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Tli HAKHE' DAILY '..TIMES, BAR RE, VT., MONDAY, AVI11j 27, 1914.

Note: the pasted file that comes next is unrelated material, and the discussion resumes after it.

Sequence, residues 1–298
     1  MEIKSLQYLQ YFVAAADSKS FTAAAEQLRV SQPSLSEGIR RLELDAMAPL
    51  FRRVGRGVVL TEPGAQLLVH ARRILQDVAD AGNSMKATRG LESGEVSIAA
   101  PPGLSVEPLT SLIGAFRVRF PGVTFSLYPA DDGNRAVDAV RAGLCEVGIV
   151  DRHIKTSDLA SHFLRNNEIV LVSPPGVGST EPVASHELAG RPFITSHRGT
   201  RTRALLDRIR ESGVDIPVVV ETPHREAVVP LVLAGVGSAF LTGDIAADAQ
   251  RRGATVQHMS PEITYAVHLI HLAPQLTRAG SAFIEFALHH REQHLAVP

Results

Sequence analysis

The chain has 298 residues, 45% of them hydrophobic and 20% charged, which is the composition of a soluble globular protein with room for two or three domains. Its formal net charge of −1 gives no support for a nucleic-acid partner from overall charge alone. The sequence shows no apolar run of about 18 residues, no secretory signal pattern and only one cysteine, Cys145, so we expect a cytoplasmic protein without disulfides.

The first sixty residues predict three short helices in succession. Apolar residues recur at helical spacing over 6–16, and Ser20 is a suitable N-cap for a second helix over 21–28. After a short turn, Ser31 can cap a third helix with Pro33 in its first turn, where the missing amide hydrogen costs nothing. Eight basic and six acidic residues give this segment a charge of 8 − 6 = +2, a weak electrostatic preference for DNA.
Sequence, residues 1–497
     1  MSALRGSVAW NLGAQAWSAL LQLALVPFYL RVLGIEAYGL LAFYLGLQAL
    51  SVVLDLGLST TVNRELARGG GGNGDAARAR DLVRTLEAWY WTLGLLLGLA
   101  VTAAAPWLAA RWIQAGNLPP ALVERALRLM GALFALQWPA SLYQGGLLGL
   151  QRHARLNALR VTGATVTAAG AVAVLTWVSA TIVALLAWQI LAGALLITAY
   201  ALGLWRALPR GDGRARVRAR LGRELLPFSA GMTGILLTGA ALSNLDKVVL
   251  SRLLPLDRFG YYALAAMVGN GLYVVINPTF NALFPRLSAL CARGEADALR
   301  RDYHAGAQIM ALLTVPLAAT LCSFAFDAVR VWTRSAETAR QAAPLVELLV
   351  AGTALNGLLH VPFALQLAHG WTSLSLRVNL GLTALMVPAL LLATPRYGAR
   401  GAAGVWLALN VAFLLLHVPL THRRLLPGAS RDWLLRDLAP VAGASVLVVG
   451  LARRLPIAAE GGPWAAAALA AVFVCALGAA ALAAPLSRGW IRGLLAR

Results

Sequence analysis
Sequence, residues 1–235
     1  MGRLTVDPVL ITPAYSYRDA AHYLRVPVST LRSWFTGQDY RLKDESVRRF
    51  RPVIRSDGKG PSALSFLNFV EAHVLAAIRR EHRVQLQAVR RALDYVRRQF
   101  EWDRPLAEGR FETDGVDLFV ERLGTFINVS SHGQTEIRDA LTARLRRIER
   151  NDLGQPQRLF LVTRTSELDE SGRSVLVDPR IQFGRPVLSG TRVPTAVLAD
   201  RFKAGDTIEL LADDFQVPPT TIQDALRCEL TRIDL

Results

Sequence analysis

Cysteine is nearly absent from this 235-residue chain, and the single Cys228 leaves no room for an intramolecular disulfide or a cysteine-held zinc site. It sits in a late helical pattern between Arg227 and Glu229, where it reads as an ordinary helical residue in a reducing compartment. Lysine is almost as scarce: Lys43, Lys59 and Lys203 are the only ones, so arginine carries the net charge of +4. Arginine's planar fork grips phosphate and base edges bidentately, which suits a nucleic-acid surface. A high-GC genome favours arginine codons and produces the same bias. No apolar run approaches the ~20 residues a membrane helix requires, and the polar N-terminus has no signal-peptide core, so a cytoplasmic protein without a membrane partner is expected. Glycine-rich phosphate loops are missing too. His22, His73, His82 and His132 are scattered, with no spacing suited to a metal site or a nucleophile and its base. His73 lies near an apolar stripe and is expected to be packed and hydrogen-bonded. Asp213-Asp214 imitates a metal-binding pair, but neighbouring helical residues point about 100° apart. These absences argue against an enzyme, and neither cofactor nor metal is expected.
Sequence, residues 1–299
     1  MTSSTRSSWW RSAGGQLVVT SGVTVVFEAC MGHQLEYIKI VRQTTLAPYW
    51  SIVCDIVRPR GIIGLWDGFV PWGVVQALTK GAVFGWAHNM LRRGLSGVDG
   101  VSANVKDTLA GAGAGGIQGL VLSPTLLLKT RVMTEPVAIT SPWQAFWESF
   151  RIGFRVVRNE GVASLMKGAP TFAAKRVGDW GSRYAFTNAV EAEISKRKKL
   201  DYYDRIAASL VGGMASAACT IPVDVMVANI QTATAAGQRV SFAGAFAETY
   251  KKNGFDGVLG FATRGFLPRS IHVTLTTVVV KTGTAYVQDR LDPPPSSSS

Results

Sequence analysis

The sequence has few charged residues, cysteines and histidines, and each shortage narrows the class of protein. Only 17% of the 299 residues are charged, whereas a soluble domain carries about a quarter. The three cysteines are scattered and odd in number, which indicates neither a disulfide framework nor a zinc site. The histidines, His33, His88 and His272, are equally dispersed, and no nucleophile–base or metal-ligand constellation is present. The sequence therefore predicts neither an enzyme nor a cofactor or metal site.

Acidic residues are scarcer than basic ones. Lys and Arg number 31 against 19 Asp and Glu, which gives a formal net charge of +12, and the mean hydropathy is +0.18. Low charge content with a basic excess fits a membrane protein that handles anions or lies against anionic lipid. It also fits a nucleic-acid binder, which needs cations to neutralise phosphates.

GOOD OFFICES FOR PEACE President Wilson Accepts .Offer of Southern ;'"" - " Republics LOSS OF APPETITE Most Successfully Treated by Taking Hood's Sarsaparilla BUT SAYS HUERTA MUST BE ELIMINATED Envoys of Brazil, Argentina and Chile Will Try to In Induce Dictator to Yield ? Washington, April 27. The Uuited States government has consented to mediate its differences with Mexico and steps already hare been taken to obtain Huerta's consent to such a settlement f the crisis. This unexpected turn of affairs came a a result of an offer Saturday by Brazil, Chile and the Argentine Ik-public to use their good offices to bring about mediation. This government immedi ately aocepted in the hope that the pro jiosals to bo advanced by the South American republics may prove feasible and prophetie of ft- new day of mutual co-operation and confidence in America." ' While accepting, President Wilson im posed conditions of his own. One of these was that no solution of the crisis will be acceptable to the United States hich does not provide for the elimi nation of Huerta aud the restoration of constitutional government in Mexico. A third condition imposed by the United States was that suitable reparation be given for the insults to the American flag. It is understood that this reparation falls short of that originally demanded by the president and that Sir. Wilson will be satisfied with an adequate apol ogy and a guarantee, that the Tarapico incident will not be repeated, provided the first two general reforms can be brought about. The offer was formally submitted by the three South American envoys to . Secretary Bryan and laid before the president. The reply Of the president, made through the secretary of state to the diplomatic representatives, was as follows: "The government of the United States is deeply sensible of the friendliness, the good feeling and the generous concern for the peace and welfare of America manifested in the joint note just receiv- -.1 t . ..!,;.,,. !, good offices of your government to ef fect if possible a settlement of the pres ent difficulty between the government of tlie United States and those who now claim to represent our sister republic of Mexico. "Conscious of the purpose with w-hich the proffer is made, this government does riot feel at liberty to decline it. Its own chief interest is in the peace of America, the cordial intercourse of her republics and their people arid the happi ness and prosperity which can spring only out of frank, mutual understand ing the friendship which is created by common purpose. The generous offer of your governments is therefore accepted. "This government hopes most earnest ly that you may find those who speak for the several elements of the Mexican people, willing and ready to discuss terms of satisfactory and, therefore, permanent settlement. If yon should find them willing, this government will be glad to take up with you for discus sion in the frankest and most concilia tory spirit and proposals that may be authoritatively formulated, and will hopo that they may prove feasible and prophetic of a new day of mutual co operation and confidence, in America. This government feels bound in candor , to say that its diplomatic relations with Mexico being for the present severed, it is Tiot possible for it to make sure of an uninterrupted opportunity to carry out the plan of intermediation which you propose. "It is, of course, possible , that some Loss of appetite is accompanied by loss of vitality, which is serious. It is common in the spring, because at this time the blood is impure and im poverished and fails to give the digestive organs what is absolutely necessary for the proper performance of their func tions. Hood's Sarsaparilla, the old reliable allthe-year-rourid medicine, is especially useful in the spring. Get it from your druggist. By purifying and enriching the blood and giving vitality, vigor and tone, it is 'wonderfully 'successful in the treatment of loss of appetite and the other ailments that are so prevalent at this time. It. is, not simply a spring medicine it" is much more than that but it is the best spring medicine. Hood's Sarsaparilla makes the rich red blood that the stomach and other di gestive organs need. Get-it to-day. Advt. . E. PULPIT APPOINTMENTS Were Made at Closing Ses sion of Vermont Confer ence at Hardwick 1 , .. f FEW CHANGES MADE , IN LARGE CHURCHES Rev. A. H. Webb Goes from Northfield to Fairlee-Barre Keeps Rev. E. F. Newell Hardwick, April 27. The 70th arinual session of the Vermont Methodist con ference closed last night, and the dele cate and visitors returned to their homes to-day. Bishop Leete preached to act of aggression on the part of those who control the military forces of Mex ico might oblige the United States to act to the upsetting of the hopes of im mediate peace, but this does not Justify us in hesitating to accept your gen erous suggestion. We shall hope for tne best results within a brief time enOugn i l; I .... n.nai ;il-s.-in- lo relieve uui mi.Mt-ir icnv uuwi; ui-w- , . . . : .,- sidered hostile demonstrations should in-ja jarSe coHgregauou terruut negotiations and disappoint our land in the afternoon the following were hopes of peace. ordained deacons and elders: The text of the offer made by the TWon. B. Davis and R. Hasel- three countries was: ru n v tj,.i t rr rw fr X.re.1rv nt State: With the nurnose of subservinir the interest of ey, G. W. laniard, U. H. iocK, u JU. peace and civilisation in our continent I Redstone and L. I. Holway. Bishop and with the earnest desire to prevent j rte gaVe most impressive address on .uiy further bloodshed to the prejudice , . . . rher of the cordiality -d union which have Jn of the always surrounded the relation. .of ttataJ f home missions was observed, governments and t he , people of America,, Dr flf 1(,liladeIpllill spoke we, the plenipotentiaries or israzu, jt gentina and Chile, duly authorized here to, have the honor to tender to Your Kx eellency's Government our good offices ji . t . v. i i ". u : Bishop I,eete gave an address on "Ihe Certain Work of Our Church." A few items of business were then transacted, II. II. for the peaceful and friendly settlement fol,owi which the on Tea0, of the conflict between the United !f. ti;.Kn tw. States and Mexico. "This offer puts in due form the sug gestion which we have had occasion to offer heretofore on this subject to the Secretary, to whom we renew the assur ances of our highest and most distin guished consideration. "P. Da Gama, R. S. Xaon. "Eduardo Suarei Mujica." BRITISH SIDE WITH U. S. Papers Almost Unanimous in Indorsing Wilson. London, April 27. The English gov ernment and the Knglish people as a whole are apparently in keen sympathy with the United States in sin-king to pacify Mexico. The leading newspapers to-day almost unanimously have en dorsed the United States in the present crisis. The Spectator in an editorial ssys: "If the United States sets herself sys tematically to conquer Mexico and re store order there she , will receive the most sincere good wishes of all who think that civilization is preferable to barbarism. Cheers which the British sailors gave the American landing parties at Vera Cruz were an absolutely ac curate expression of the feelings of all men of British birth. We are heart and soul for the United States against Mex ico." . DEATH OF MRS. JOHN HAY. WidoV of Former Secretary of State Dies Suddenly in New York. New York, April 27. Mrs. Clara Stone Hay, widow of John Hay, the late secre tary of state, died Saturday at the home of her daughter, Mrs. I'avne Whitney. She arrived there from Vashington a few days ago on a visit and became sud denly ill Saturday. She lapsed quickly into unconsciousness and died soon aft erward. Her daughter and several oth er members of the family were pres ent. Mrs. Hav was a daughter of Amass Stone of Cleveland, prominent as rail road man, banker and philanthropist. She became the wife of John Hay in 1874. After his death she continued to live in Washington. One of their four children, Adelbert S., was killed by a fall from a window in New Haven several years ago. This had a marked effect on Mrs. Hay's health. lutions gave its report, and Bishop Leete read the appointments, as touows: Montpelier District. Rev. E. W. Sharp, district superintend ent. Ascutneyvillo Supplied . by Rev. T. Ross Hicks. Athens Supplied by Rev. II. P. Sweet. Barnard and East Barnard Rev. J. C. Hazelton. Bellows Falls Rev. G. W. Burke. Belmont and Cuttingsville Supplied bv IW. M. W. Russell. 'Bethel Supplied by Rev. J. W. Mil ler. Bethel Gilead Rev. Joseph Hamilton. Bondville Rev. Percival Hewitt. Bradford Rev.-F. A. Woodworth. Brattleboro Rev. Thomas W. Owens. Brownsville Rev. A. J. Hough. Chelsea Rev. A. B. Enright. Fairlee and North Thetford Rev. A. H. Webb. Gaysville and Bethel Lympus To be supplied. Granville and Hancock Supplied by Rev. O. B. Wells. Jacksonville To be supplied. Hartland and North Hartland Sup plied by Rev. G. A. Smith. Landgrove and Weston Supplied by Rev. R. A. Burn. Ludlow Supplied by Rev. Robert S. Barker. Montpelier Rev. William Shaw. Northfield and Northfield Falls To be supplied. Perkinsville Supplied by Rev. E. F. Webb. Pittsfield Rev. Robert Haseltine. . Proctorsville Supplied by Rev. Sidney G. Suitor. Putnev To be , supplied. Randolph Rev. G. F. Crawford. Randolph Center Rev. George Good liffe. Rochester Rev. O. B. Wells. South Londonderry Rev. A. W. At wood. South Reading Supplied by Rev. E. F. Wood. South Rovalton Rev. E. L. M. Barnes South Tunbridge Supplied by Rev. E. L. M. Barnes. Springfield Rev. W. R. Davenport. Thetford Center Supplied by Rev. L. I. Holwav. Union Village Supplied by Rev. M. II. Rvan. Wardsboro Supplied by Rev. Ashfield Ashford. West Berlin Rev. L. O. Sherburne. West Fairlee Supplied by Rev. L. L Holwav. AVeston Supplied by Rev. R. A. Burn. super- SPRING .lis Having been forced to meet a note of $5,000, which falls due on May 10, we are going to put on sale our complete stock of Ladies, Gentlemens and Children's Furnishings at Prices Never Before Heard of at this Time of Year Most of our goods are brand new this spring, and we are offering you an unexpected opportunity to buy spring goods. Remember that we have got to raise the above amount this being our reason for putting on a sale now. The sale starts April 25 and continues till May 9, so you had better come early and get the cream of the sale. We will have extra clerks on hand, so everybody will get the best of service. In addition to our sale, to each purchaser of $1.00 or more we are going to give a free ticket, which entitles you to a share in one of the four prizes. The holder of the first number will receive a Turkish Table Cover; the second will receive a Sheffield Razor; the third, a Ladies' Toilet Set; and the fourth a Gentlemen's Toilet Set. The persons who win the above articles please call for them May 11. Look for the White Sign, at the New York Bargain House, Inc. White - River Junction Rev. S. H, Smith. , Wilder Rev. J. H. Bennett. Williamsville and East Hover Sup plied by Rev. A. IS. (Carlton. Windsor Rev. W. C. Johnson. Woodstock To be supplied. Worcester Supplied ttv Rev. C. F, Dodge. St. Albans District. Rev. W. B. Dukeshire, district super iutendent. Alburg Rev. Thornley Smith. Bakerslleld Rev. G. 6. McDonald. Binghamville Supplied by Rev. A. J, Jones. Cambridge and North Cambridge Rev, I. . carton. Elmore Rev. O. M. Boutwell. Enosburg Falls Rev. John Wriston. Essex Junction RcvJ. H. Sisson. Essex Rev. E. R. Currier. Fairfax and Westford Rev. Fred Dan nela. ' .'-. Franklin Rev. M. A. Turner. Georgia aud North Fairfax To be supplied. ' , Grand Isle tmd South Hero Rev. J, S, Allen. Highgate Supplied by Rev. C. B. Pa vis. Isle La Motte Rev. G. C. Westcott. Johnson Rev. W. II. Gould. Milton and Miltonbcro Supplied by Kev. . r. uooiev, Middlesex Rev. A. T. Freeman. Moretown and South Duxbury Rev. A. A. Manuigo., ' ..... Montgomery and South Richford Rev. J. T. Baxendale. . Morrisville Kev. W. T. Best. North Fairfield Rev. G. C. McDonald, North Hero Supplied by Rev. G. W, Turner. - ; " Richford Rev. D. O. Guest. St. Albans Rev. Frederick A. Lend rum. St. Albans Bkv Rev. Isaac Mellor. Sheldon and Rice Hill Rev. G. II. Lock. Stowe -Supplied by Rev, William D. Hendry. Swanton Rev. O. E. Aiken. Underbill and Jeriehc Rev. A. Sturgess. ' Waitsfleld Rev. C. M. Redstone. Waterbury Rev. W. E. Douglass. Waterbury Center To be supplied. Waterville Supplied by Rev. J. Wills. West Berkshire, East and .South Franklin Rev. T. H. Cresey. West Enosburg Supplied by A, Wells. Wolcott and North Wolcott Supplied Dy nev. t, it. newer. St. Johnsbury District. Rev. Ralph F. Lowe, district intendent. Albany Rev. I. 0. Chase. Barre Rev. E. F. Newell. Barton Rev. I. A. Ranney. Bloomtield Supplied by Rev, F. W. Smith. Cabot To be supplied. Canaan and Beccher Falls Rev. W. C. Christie. Concord and Victory Supplied bv Rev. G. S. Smith. Coventry Supplied by Rev. E. R. Har ris. Crafishury Rev. C. D. Pierce. Danville and West Danville Rev. M. H. Sharpies. Derby Kev. O. J. Anderson. East Burke and East Haven Rev. G. W. Keelina. Evansville and Brownington Center- Rev. John Robinson. Glover Rev. Glenn W. Douglass. Greensboro Bend and Stannard Sun- plied by Rev. A. D. Simpson. Uroton Kev. t. V. Iewis. Guildhall To be supplied. Hardwick Rev. John Jones. Holland and Morgan Supplied Rev. S. M. Harris. Irasburg Rev. G. ij. Well. Island Pond Rev. O. E. Barnard. Lowell Supplied by Rev. Fred ridge. Lunenburg and Eust Concord Rev. A. Staniforth. Lyndon Rev. F. B. Blodgett. Lvndonvillo and East Lvndon Rev, R. H. Moore. Marshfleld To be supplied. Newbury. Newbury ("-enter and West Newbury Supplied by Rev. E. W. Stur tevant. Newport Rev. R. X. Joslvn. Newport Cent-r Rev. C. W. Kelley. North Danville Supplied by Rev. Wil liam McKav. Orlesns Rev. W. S. Smithers. Peacham Rev. A. J. Greens Plaiiitlcld Rev. A. W. Hewitt. St. Johnsbury Rev. 11. A. Martin. St. Johnsburv Center Supplied by Rev. F. B. Blodgett. Sheffield and Wheelock Supplied by Rev. Fred Willcock. South Albany Rev. I. P. Chase. Topsham Supplied by Rev. O. L. Bar nard. Waits River Supplied by Rev. O. L. Barnard. Walden and South Walden Rev. L. E. Taylor. West Burke and Newark Rev. .T. O. Angell. Westflcld and Troy To be supplied. West Topsham To be supplied. Westville Supplied by Rev. F. W. Lewis. Williamstown and Eaet -Brook6eld Supplied by Rev. Albert Abbott. noodbury To be supplied. Rev. X. M. Fowler, superintendent Cunningham Childrep Home, Urbana, 111., member of Randolph quarterly conference. Rev- IT. C. Hovt, Rev. C. S. Onimbv and Rev. D. G. Porteous left without appointment to attend some one of the Methodist schools. by Od- SCHOOL BOYS WIN OPENER With Davidson in the Box, ; Goddard Defeated the Italian A. C. LATTER SHOWED NEED OF MUCH PRACTICE Tomasi and Scampini Were the Twirlers for the , Losing Team Dartmouth was defeated 5 to 3 bv Colby college on Wednesday. The game was the first of a series being plaved by Colby through the northern part of New Jtngiand. AMERICAN LEAGUE Yesterday's Games At, St. Ixmis St. Louis 4, De troit 1. Batteries Weilman and Crossinj Dauss. Dubuc and Stan age. At Cleveland Cleveland 4. Chi-' eago 2. Batteries Blanding and t'ariseh; Scott, Cieotte, Fabre and Schalk. Saturday's Games. At He veland Cleveland 1, Chi cago 0. Batteries Hagerman and Cariscln Ben and Schalk. At St. Louis Detroit 4. St. Louis 0. Batteries Covaleskie and Stanage; Hamilton, Baum gartner and Crossin. STANDING OF THE CLTJBS Won Lost Pet. Chicago .... Detroit .... New York . Boston . . . .. Washington St. Louis .. Philadelphia Cleveland .. S 3 3 .: .636 .571 JiOfl .4.V. .42!? .273 Under the most adverse weather con ditions, the 1014 baseball season in Barre was inaugurated on the seminary campus Saturday afternoon when the represents tives of Goddard seminary administered a decisive trouncing to the Italian A. C. bv the spore of 9 in 4. , All Hnrinff ihe afternoon a frigid temperature prevailed and made playing conditions anything but good. The plavers were unable to respond with their best and as a result tne game was characterized by indiffer ent playing. The majority of the runs scored came through misplays. I lie (iouuard aggregation presented a very formidable personnel, who give prospects of figuring as contenders for the state title again this season. The team's power was greatly enhanced by Tommy Davidson, the former Barre A. C. pitcher, who was invincible. In no small measure -his effective pitching was responsible lor the seminary victory. He pitched in midseason form and had the Italians baffled from the start. His control was good, considering the strong winds that wafted across the diamond. During the afternoon 11 of the hitters of the Italian team succumbed to his curves. He was ably assisted behind the bat by Gray, the former St. -Johns bury academy catcher. On the other hand, the Italians as sembled on the field a coterie of players who were placed at a great disadvantage by the lack of practice. Nor was their full plaving strength on the field. "Pjio" Tomasi, the Spaulding moundsman, was announced as the Italian pitcher. He was ailing with a sore arm and retired on his own initiative after the third in ning to be succeeded by Paul Scampini. During Tomasi s regime on the hillock he was not hit safely once, but was rather wild. His passes numbered four and he also hit two batsmen. In the third, live runs were garnered bv the seminary lads. Scampini' two errors at the initial sack accounted for most of them. Scampini, who relieved Tomasi, twirled good ball. He was hit safely three times. The Italians were the first to score in the third inning. The run was brought about by two hits and an error. In the latter part of the third the seminary lads scored five runs. The seminary team increased its lead during the game, annexing a run in the fifth and three additional runs in the seventh. In the eighth inning, the Italians gave promise of a batting rally NATIONAL LEAGUE Yesterday's Games At Cincinnati Cincinnati 5, St. Louis 2. Batteries Yingling, Clarke and Conzales; Sallee, Hop per and Snyder. At Chicago Pittsburg 6, Chi cago 4. Batteries Cooper, Cozel man, McMillan, Gibson and Cole man; Lavender and Arpher. i Saturday's Games. At Boston Brooklyn 4, Boston 0. Batteries Reulbach and Fisch er; Crutcher and Gowdy. At Chicago Cincinnati 13, Chi cago I. , Batteries Davenport, Clarke and Gonzalesj Smith, Koestner, Stack, Archer and Bres-nahan. STANDING OF THE CLUBS Won Lost Pet. Pittsburg 8 2 .8(H) Philadelphia ....... 5 2 .714 Brooklyn 5 2 .714 Chicago 4 6 .400 St. Louis 4 6 .400 Cincinnati 4 fi .400 New York 2 4 -333 Boston 2 7 .222 when Giacamuzzi and Ricciarelli hit safe ly and three runs were scored. David son stepped into the breach, tightened and no more runs were made. The score: Goddard. , r h po e Rogers 3b ...... 4 1 0 0 0 1 Tierney If 3 12 0 10 Gray e 4 3 0 14 1 0 Witt ss .. 8 2 1 13 0 Bailey lb 3 0 0 8 0 0 Hasting c( 2 0 0 0 0 0 Fitch 2b 2 0 0 1 0 1 Thompson 2b . . 2 0 0 0 2 0 Lameri rf ...... 1 1 0 0 0 0 Cosbv rf 2 0 0 1 0 0 Davidson p 3 I 0 0 4 1 Totals 29 0 3 26 11 3 Italian A. C. ' ab r h po a ' e Bottigi rf 5 0 110 1 Counter If 4 0 0 1 0 0 Calcagni 3b lb .. 3 0 0 5 1 0 Fowlie c 2 0 1 3 2 2 Comolli c ...... 2 0 0 13 1 1 Giacamuzzi 2b 3 110 2 1 Scampini lb p .. 4 .1 2 1 2 2 Sector ss 4 0 0 1 0 0 Ricciarelli cf ... 4 2 1 0 0 0 Tomasi p 1 0 1 0 1 0 Marches! 3b... .2 0 0 2 0 1 Total 34 4 6 27 9 8 Scampini out in fourth bunting on on third strike. The summaryt Goddard 00501 030 9 Italian A. C. 00100003 04 Stolen bases Witt, Lameri, Hastings, Bottififi. Calcaeni 2, Counter, Scampini, Sector. Struck out By Davidson 11, by Tomasi 3, by Scampini 8. Bases on balls Off Davidson 4, off Jomasi 4, oil Scampini 2. Hits Off Tomasi 0 in 3 innings, off Scampini 3 in 5 innings. Wild pitches Davidson 2. Passed balls 4Jray 2, Comolli, Fowlie. Hit by pitched ball Hastings, Bailey, Gray. Umpires Davidson, Wright, Kurtz. Time 2 hrs. 31 m. . College Baseball Games on Saturday. At Providence Brown 3, Yale 2. At Worcester Holy Cross 4, Dart mouth 2. At Hartford Trinity 6, Bowdoin 0. Copyright Han fchadacr It Mars If you have not always worn these Hart Sehaffner & Marx Suits, you may have had trouble with your vests. You will avoid annoying humps at the back of the col lar, the bulging and wrinkling in front of the shoulders, and the ill fit at the waist if you will wear the clothes we sell. Your best satisfaction is here in one of these values; $18 to $30 Moore & Owens, Barre's Leading Clothiers Barre, Vt. At Middlctown Amherst 3, Wesley- an 1. At Williamstown Williams 8, M. A C. 5. ; At Burlington Vermont 9, Colby 7. At Franklin Dean 11, St. Anselm's 0. ; 50qOl ,F0RHjTTNG;TH -jr-- : , The Biggest "Hit" at the Ball Game Wit Every day of the baseball season a thousand ball games are played throughout the United States and hundreds of thousands of "fans enjoy "Bull" Durham hand-made cigarettes while they watch the games. "Bull" Durham has become a part of the National Game. Millions of "fans" would no sooner think of sitting through a ball game without rolling " Bull" Durham, than they would think of seeing a circus without peanuts. GENUINE Bull Dur SMOKING TOBACCO (Enough for forty hand-made cigarettes in each Sc sack) "Bull" Durham is a distinctive form of tobacco enjoyment. 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